Deleting Large Amount of Tags from Tag Browser

I accidently added all of the controller tags from a PLC, including thousands of tags I do not need.

Every time I attempt to delete the tags the Gateway crashes and I need to restart it. Are there any tricks or tips to deleting a large amount of tags at once?

Maybe try scripting something using system.tag.deleteTags()? It takes a list of tag paths so if you grab a list via system.tag.browse or system.tag.getConfiguration. Check the manual pages for more information on them.

If you go to the Gateway under Status > Systems > Tags, what is your tag count? Does the Gateway crash when you delete just a few tags? Finally, do you have the tags organized in folders in the Tag Browser?

I appreciate the suggestion. Unfortunately using scripts resulted in the same issue.

I checked the tag count is 138,118.

I am able to delete tags one-by-one. But obviously that will take a long-time.

All of the tags I am looking to delete are in one folder, which contains sub-folders.

Make the script delete in chunks, like maybe 100 or 1000 at a time? Then either let that loop a few times or manually run it a few times until the number gets a bit more manageable?

We had a similiar issue deleting a large amount of tags, but in our case it only crashes when the tags are inside the UDT area.

Only solution was delete by smaller batches.

The issue in our case was related to the internal configuration DB getting locked and creating a cascading lock.



We all seem to be thinking the same thing...

@Liam_Dietrich I know its not an instantaneous solution but might be worth a shot. :woman_shrugging:

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Thank you @ryan.white, @GregCavazos , and @Estera_Cioroch for the suggestions.

After leaving the Gateway overnight, the tags have been deleted. Thus, I believe deleting the tags with scripting did in fact work. If anyone else does encounter this issue I would recommend delete the tags in chunks using scripting, as suggested by @ryan.white.

I used the following two functions in the script to access the paths and deletes the tags, respectively:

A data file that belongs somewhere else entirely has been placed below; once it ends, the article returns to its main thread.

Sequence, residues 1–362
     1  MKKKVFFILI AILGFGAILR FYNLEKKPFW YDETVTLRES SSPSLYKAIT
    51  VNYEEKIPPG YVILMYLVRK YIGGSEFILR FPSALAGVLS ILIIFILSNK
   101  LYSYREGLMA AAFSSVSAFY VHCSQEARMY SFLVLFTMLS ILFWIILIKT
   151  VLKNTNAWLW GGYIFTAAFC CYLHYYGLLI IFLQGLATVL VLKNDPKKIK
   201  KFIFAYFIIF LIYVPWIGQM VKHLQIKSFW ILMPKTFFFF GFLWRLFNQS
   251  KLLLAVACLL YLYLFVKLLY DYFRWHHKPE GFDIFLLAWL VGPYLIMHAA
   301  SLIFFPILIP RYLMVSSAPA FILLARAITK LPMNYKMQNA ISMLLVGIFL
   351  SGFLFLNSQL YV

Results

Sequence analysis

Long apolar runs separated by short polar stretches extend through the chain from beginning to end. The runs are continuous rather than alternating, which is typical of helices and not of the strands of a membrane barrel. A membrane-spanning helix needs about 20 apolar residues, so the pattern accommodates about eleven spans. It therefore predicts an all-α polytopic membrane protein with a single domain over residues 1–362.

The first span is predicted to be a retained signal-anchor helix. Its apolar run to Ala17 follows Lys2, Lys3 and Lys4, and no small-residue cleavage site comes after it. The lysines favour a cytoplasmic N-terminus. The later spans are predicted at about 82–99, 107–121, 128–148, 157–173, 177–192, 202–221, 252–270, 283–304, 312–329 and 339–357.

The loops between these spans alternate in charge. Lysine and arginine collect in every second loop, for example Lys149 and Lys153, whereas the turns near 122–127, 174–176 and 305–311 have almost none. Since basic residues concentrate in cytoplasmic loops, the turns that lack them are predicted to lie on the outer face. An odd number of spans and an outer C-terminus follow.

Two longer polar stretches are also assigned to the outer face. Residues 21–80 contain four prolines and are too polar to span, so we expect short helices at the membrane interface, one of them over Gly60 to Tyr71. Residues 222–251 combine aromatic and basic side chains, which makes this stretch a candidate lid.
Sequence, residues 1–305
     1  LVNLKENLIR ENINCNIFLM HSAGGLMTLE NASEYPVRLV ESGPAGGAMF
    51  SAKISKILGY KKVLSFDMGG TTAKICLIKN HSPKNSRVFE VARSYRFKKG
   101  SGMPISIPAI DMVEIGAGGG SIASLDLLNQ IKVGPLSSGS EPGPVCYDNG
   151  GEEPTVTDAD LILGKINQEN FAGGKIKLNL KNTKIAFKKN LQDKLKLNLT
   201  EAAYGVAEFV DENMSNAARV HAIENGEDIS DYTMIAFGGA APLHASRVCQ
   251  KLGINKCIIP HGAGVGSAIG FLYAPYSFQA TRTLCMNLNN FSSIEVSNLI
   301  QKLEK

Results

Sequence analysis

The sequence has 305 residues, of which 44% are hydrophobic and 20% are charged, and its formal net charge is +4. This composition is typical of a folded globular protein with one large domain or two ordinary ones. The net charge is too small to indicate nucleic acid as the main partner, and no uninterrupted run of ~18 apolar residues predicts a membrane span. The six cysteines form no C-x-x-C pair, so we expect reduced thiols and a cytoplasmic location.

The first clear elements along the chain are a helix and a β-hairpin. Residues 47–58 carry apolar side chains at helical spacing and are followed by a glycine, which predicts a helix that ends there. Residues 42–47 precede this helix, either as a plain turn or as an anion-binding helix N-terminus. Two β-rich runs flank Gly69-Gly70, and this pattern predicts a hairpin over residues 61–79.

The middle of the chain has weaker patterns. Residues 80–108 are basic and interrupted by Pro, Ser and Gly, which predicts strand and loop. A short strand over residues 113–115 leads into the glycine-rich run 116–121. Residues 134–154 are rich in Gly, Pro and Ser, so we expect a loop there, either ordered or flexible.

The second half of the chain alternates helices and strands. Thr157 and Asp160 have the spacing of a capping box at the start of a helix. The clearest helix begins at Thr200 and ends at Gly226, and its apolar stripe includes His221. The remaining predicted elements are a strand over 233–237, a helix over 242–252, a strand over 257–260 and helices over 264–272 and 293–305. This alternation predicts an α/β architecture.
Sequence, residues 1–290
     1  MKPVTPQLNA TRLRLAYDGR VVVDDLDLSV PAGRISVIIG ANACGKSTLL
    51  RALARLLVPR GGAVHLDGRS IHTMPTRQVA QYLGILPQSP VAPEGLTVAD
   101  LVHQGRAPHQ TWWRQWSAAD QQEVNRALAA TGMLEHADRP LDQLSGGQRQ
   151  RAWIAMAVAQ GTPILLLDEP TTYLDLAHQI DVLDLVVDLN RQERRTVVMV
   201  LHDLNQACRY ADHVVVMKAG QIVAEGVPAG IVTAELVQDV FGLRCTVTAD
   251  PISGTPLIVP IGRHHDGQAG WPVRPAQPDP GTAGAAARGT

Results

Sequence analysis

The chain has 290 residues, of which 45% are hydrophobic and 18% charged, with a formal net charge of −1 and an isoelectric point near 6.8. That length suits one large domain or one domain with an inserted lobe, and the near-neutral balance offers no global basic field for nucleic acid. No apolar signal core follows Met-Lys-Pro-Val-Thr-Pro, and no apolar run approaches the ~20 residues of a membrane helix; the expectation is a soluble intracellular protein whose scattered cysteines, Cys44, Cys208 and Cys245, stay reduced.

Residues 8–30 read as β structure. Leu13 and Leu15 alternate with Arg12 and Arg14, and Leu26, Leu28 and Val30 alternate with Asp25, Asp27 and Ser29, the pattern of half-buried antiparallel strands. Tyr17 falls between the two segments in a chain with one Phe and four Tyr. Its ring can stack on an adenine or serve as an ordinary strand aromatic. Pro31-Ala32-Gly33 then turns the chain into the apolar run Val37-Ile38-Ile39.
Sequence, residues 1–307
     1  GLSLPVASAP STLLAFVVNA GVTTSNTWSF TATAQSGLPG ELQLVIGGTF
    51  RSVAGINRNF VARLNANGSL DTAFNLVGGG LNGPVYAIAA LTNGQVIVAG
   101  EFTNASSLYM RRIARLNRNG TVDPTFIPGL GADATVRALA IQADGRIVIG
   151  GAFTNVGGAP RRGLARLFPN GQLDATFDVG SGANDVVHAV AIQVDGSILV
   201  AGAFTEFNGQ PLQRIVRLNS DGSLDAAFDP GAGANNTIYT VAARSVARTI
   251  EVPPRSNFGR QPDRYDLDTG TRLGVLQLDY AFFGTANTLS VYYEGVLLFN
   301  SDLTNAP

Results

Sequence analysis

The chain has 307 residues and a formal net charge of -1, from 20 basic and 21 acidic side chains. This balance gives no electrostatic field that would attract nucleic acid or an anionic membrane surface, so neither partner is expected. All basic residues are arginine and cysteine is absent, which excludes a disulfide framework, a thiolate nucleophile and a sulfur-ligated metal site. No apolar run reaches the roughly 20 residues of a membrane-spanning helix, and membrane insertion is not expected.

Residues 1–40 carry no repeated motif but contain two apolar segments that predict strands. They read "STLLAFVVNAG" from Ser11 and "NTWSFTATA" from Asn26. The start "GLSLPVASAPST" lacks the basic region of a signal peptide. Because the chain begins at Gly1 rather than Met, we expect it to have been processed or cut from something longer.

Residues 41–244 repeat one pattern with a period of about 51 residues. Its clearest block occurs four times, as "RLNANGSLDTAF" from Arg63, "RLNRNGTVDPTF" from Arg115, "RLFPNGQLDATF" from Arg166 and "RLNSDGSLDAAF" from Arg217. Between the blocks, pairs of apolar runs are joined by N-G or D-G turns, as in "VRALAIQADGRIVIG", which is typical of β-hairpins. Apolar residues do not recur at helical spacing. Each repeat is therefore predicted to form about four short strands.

IMO there is something else going on. I would get support involved. I have deleted over 140k tags and while it did take some time, maybe 20 seconds, it didn't crash.

Appreciate the recommendation.

It should be noted that these tags are were added to a laptop that I am using for development, not a dedicated Gateway PC. Could it be possible that the limited resources of the laptop could be the culprit?

I'm on a laptop as well, and using the "stock" gateway settings. Ignition is installed on the host, not a VM.

We have the same issue. Deleting large amounts of tags crashes the server (8.1.26).
Isn't this something IA should be able to fix quite easily?

No, tag deletion (or bulk creation) is a very memory-intensive operation, and the defaults in ignition.conf aren't sufficient for manipulating tens of thousands of tags at once. (In most cases.)

Use better gateway hardware with more RAM for Ignition, or discipline yourself when working in wimpy systems.

Our RAM and CPU are not going over 30% while deleting, we are using pretty good hardware here.

I'm not saying tag deletion would not be intensive, but I do believe standard actions like tag deletion you execute in the designer should not cause a server crash in any case.

Then something else is going on. By "crashed", do you mean the gateway process died (and restarted itself)? Or did you get an "Internal Error" on the gateway web interface? The latter is not a crash, and commonly occurs when the config database is locked for an excessive length of time--common with bulk tag operations.

Consider having support look at your environment.

Yes, this. But it stayed like this for over 20 minutes, which made us restart the gateway.
Support took many looks at our environment, we designed the whole system together with Kevin McClusky from IA.

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Yes, the internal database is single-threaded, and all of the changes to tag configuration have to be written to it. (Which explains why your CPU wasn't pegged.) This is one of the few cases where the speed of the gateway's own storage devices matter. If you had continued waiting, your system would have eventually finished the bulk tag operation.

I've bumped into this many times this year as I test my EtherNet/IP driver with PLCs of tens and hundreds of thousands of tags. But the delays using NVMe storage are tens of seconds, not tens of minutes.

Not a bug, really. Just slow.


Ok, thanks for the explanation. The single-threadness explains the cpu indeed.

So it could mean our storage is slow? This is maybe something we could take up with support.

Edit: Our storage is not NVMe, but SATA